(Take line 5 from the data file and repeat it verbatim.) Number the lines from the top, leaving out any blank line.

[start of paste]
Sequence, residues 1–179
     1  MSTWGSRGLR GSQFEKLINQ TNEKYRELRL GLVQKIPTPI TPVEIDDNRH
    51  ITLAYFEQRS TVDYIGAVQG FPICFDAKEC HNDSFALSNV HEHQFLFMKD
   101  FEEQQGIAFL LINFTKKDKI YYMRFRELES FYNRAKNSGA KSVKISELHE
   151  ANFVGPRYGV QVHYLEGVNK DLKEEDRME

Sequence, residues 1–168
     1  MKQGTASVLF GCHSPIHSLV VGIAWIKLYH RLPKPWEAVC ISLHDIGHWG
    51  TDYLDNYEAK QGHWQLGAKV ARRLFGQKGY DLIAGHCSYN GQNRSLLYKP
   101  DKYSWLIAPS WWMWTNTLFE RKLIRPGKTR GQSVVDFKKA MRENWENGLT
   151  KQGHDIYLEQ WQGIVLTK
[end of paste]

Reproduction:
   151  ANFVGPRYGV QVHYLEGVNK DLKEEDRME